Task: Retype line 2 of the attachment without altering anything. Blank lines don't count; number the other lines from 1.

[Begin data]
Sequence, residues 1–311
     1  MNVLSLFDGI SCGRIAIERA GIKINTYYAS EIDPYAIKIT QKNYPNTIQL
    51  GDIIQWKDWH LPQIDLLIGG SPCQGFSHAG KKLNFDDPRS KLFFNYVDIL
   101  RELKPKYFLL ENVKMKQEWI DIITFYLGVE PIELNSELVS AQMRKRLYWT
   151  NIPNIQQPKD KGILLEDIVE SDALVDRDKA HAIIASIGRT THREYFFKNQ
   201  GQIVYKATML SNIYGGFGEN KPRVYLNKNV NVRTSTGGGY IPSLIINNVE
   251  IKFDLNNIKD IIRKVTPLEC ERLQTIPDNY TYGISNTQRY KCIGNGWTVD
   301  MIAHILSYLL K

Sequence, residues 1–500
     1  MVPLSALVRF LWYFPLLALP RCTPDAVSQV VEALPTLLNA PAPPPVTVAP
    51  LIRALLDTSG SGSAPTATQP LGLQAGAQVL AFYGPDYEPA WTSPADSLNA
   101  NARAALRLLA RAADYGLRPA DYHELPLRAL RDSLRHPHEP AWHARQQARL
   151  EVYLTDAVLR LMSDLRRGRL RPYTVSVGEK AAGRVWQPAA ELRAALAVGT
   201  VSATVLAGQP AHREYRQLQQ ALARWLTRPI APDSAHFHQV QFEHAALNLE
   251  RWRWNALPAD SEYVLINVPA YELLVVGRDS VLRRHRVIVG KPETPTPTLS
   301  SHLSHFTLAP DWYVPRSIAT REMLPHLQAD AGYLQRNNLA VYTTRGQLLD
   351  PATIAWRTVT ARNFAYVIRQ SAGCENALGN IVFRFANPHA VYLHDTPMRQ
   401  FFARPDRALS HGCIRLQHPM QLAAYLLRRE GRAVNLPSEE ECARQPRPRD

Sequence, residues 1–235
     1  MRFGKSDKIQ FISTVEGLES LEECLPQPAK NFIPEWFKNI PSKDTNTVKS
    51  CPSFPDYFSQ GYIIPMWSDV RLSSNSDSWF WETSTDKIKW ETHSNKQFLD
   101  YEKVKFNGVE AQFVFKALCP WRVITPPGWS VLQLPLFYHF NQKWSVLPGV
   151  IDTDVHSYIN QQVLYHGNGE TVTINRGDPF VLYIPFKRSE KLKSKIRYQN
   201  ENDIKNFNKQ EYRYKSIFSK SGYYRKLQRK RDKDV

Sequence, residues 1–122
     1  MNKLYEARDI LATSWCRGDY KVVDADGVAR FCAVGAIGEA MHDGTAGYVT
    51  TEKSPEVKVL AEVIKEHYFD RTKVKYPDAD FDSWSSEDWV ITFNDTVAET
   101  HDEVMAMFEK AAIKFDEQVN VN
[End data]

     1  MNVLSLFDGI SCGRIAIERA GIKINTYYAS EIDPYAIKIT QKNYPNTIQL